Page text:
My stomach doesn't change in size to the price of food. I eat as much as that is satisfying. Americans just save money by eating cheaper.

  • rate this
    0

    Comment number 252.

    206 cargols
    " I'm sick of larger people saying 'well, it's easy for 'people like you' ! ( meaning correct weight ) No, it isn't easy to stay slim ( ish. ) In todays world it demands great will power and hard work." Me too!! I struggle daily to keep my weight normal & have done for years, and resent fatties telling me its easy. How would they know, they've never tried!

  • rate this
    0

    Comment number 251.

    Direct treatment of diabetes : 9.8 billion
    Treatment of diabetes complications: 7.7 billion
    (including kidney failure, stroke, blindness and amputation)
    If you include extra heart disease, etc the 7.7 billion rises to 11 billion
    Direct treatment of obesity without diabetes: 4.2 billion (fat operations, fat pills)
    Diabesity total: 25 billion
    Total NHS cost 108 billion

  • rate this
    0

    Comment number 250.

    There is agreement that trans-fats are bad--it will be good when they are banned. There are now questions being raised around whether saturated (natural animal) fats are bad and whether higher cholesterol is really bad (correlation is not causation). The high consumption of processed carbs in the modern diet is not being addressed, but carbs induce insulin production which causes fat to be stored.

  • rate this
    -1

    Comment number 249.

    Scottish farmers produce the best beef in the world yet the Westminster so called UK Government have just robbed Scottish farmers out of EU funds that should only go the Scottish farms. The UK qualified for the uplift was because of Scotland's low payments under the current system.

    So we are better together!

    I don't think so!

    Smell the coffee Scotland and vote YES next year and be well rid!!!!!

  • rate this
    +1

    Comment number 248.

    238. Ralph

    In the 60s we didn't understand the difference between low-density and high-density lipoproteins. LDLs are the bad type of cholesterol, HDLs the good.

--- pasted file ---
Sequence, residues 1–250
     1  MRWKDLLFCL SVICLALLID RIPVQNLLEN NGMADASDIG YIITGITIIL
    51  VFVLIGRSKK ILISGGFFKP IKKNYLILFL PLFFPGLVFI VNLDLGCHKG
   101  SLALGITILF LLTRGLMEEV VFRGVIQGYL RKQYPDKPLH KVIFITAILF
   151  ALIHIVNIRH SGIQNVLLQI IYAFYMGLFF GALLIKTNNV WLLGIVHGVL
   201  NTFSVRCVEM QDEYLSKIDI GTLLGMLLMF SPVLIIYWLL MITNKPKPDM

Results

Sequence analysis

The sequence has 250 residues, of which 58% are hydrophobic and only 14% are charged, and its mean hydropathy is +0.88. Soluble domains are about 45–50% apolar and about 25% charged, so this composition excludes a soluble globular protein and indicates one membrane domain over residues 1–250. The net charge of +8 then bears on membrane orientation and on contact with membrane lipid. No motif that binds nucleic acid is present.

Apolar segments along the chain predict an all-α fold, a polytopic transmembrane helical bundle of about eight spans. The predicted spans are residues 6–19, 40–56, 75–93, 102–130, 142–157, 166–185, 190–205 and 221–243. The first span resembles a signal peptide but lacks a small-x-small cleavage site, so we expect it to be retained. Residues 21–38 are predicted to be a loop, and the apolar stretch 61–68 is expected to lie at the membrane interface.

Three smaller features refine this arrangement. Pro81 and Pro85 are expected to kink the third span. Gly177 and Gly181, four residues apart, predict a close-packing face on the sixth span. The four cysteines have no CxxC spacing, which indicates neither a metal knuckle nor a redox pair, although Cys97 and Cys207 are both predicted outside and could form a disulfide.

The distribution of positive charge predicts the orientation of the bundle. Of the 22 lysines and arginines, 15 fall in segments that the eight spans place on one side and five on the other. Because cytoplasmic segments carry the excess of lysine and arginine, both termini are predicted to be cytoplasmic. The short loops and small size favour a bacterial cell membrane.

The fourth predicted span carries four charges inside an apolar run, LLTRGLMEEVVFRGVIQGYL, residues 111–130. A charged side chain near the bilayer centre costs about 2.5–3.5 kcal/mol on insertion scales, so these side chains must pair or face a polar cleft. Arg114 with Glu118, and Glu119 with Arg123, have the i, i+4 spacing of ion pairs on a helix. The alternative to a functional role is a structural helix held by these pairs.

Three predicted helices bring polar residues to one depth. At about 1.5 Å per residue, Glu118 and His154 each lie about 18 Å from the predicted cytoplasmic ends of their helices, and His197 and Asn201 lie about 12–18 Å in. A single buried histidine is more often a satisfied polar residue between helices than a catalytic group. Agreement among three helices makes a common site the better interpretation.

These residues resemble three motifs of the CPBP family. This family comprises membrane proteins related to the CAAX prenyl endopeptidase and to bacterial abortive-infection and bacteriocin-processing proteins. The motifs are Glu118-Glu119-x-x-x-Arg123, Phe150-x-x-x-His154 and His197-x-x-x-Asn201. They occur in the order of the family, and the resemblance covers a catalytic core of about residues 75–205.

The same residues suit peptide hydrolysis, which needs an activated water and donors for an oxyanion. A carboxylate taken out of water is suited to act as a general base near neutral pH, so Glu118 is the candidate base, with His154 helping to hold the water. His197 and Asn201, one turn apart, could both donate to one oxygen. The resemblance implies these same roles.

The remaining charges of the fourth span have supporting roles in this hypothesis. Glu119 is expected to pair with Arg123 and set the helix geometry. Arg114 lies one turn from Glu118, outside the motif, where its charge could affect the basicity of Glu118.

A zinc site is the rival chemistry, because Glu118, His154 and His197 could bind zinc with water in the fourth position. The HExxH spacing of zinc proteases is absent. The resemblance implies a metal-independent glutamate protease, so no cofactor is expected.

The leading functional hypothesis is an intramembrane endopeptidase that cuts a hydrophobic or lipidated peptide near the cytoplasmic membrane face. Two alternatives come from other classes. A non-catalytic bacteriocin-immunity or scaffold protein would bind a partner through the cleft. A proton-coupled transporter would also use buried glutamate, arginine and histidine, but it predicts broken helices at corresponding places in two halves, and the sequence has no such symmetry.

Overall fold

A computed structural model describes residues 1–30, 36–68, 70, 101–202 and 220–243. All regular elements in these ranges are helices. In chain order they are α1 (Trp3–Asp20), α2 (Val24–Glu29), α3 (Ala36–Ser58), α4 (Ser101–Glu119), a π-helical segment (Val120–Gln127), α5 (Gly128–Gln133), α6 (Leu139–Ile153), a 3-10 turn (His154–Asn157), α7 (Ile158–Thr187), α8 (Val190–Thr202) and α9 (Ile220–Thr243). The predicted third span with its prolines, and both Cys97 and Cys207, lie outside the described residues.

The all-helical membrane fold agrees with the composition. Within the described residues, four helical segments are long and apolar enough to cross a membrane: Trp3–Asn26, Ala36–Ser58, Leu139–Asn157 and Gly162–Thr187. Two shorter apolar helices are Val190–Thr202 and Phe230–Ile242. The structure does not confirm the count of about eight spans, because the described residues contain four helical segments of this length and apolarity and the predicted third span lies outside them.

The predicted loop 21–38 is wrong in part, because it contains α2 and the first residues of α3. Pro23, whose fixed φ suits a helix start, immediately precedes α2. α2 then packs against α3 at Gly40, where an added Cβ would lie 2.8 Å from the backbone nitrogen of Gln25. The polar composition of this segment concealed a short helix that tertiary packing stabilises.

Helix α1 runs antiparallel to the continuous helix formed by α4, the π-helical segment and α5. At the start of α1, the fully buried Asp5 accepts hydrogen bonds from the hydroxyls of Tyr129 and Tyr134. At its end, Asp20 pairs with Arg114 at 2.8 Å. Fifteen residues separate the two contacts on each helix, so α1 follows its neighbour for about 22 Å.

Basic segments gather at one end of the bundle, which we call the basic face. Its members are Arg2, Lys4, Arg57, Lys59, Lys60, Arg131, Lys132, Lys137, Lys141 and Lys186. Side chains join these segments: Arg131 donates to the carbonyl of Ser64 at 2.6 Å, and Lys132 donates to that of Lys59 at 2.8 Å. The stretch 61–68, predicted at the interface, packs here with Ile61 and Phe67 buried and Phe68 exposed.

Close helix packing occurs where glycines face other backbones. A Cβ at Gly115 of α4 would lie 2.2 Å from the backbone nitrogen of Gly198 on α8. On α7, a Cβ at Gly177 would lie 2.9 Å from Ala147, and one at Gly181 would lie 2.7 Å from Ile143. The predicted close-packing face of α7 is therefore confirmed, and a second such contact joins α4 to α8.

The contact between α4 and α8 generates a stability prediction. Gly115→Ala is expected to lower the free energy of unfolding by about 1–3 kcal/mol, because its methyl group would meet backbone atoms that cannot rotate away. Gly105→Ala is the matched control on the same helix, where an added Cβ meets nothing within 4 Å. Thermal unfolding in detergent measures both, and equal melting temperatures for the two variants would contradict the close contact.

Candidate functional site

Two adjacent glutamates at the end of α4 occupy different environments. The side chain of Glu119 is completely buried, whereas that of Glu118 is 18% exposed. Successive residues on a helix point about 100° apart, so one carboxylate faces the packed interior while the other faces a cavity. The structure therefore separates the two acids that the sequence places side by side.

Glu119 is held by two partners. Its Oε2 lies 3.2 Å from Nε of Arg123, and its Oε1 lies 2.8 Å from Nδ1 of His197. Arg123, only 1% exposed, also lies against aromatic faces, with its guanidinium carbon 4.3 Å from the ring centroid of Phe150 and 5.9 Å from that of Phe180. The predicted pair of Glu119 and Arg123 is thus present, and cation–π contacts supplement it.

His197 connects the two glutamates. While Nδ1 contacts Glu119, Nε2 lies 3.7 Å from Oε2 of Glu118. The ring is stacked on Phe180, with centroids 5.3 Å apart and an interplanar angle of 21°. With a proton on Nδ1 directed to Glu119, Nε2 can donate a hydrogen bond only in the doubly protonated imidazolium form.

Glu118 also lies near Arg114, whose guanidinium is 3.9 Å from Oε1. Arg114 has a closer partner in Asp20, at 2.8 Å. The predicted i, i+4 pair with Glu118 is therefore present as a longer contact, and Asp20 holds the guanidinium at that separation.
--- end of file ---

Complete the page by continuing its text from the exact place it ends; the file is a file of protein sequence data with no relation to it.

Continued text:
If you raise your HDL levels and lower LDL levels, you run a lower risk of suffering a heart attack.

    Lowering your triglyceride levels is also important, which is achieved by reducing carbohydrates in your diet.

  • rate this
    -1

    Comment number 247.

    if one takes in more calories than one uses, then our bodies store calories as fat. Some people who have more or less unlimted food supplies eat to much and through out what they don't eat, and some people still have to manage on a few hundred calories a day.

  • rate this
    0

    Comment number 246.

    Why? they are not overweight in America are they?

    We have tended to pick up their bad eating habits so now hopefully we will also adopt their more positive moves.

  • rate this
    -1

    Comment number 245.

    It is probably the poorest and most vulnerable in society, ( children who can only eat what they are given.) who are effected most by trans fats. Seeing some young children in a disadvantaged part of the U.K clutching their greasy greggs pasties in the street at 10am ( breakfast? ) with their desperate and demoralised mum nearby springs to mind here.

  • rate this
    -1

    Comment number 244.

    Funny but to me (in Austin, Texas) it seemed like the most popular food items of 2013 were kale and bacon. Polar opposites!

  • rate this
    -1

    Comment number 243.

    As Europes fattest nation, the UK needs to be next, If the food lobby will let it happen

  • rate this
    -2

    Comment number 242.

    A little bit too late for some. Maybe it should be done here considering how many in the population are starting to look like whales.

  • rate this
    -1

    Comment number 241.

    9 pie and chips a day instead of 10.

  • rate this
    0

    Comment number 240.

    238. Ralphstarbreaker - surfing around I found an sites by doctors against cholesterol studies - one stating no matter how hard he tried he could not find a ground zero study - all the papers seemed to be pointing to each other none to a common source.

    Also looking as allergies, on one site person noted canola oil raised his BP rather than taking drugs, dropped canola for olive oil BP ok.

  • rate this
    -3

    Comment number 239.

    @203. It is thanks to the sorts of campaigns you mention that the licensing authorities, EU/FDA, have had to REVISE their thinking. At one time they ASSURED us that the products in my OP @217 were SAFE as houses, yet every one has been banned, removed or reduced because they are now SUSPECT. They lied, and when found out had to select reverse.

    Why pointing that out gets marked down is a mystery.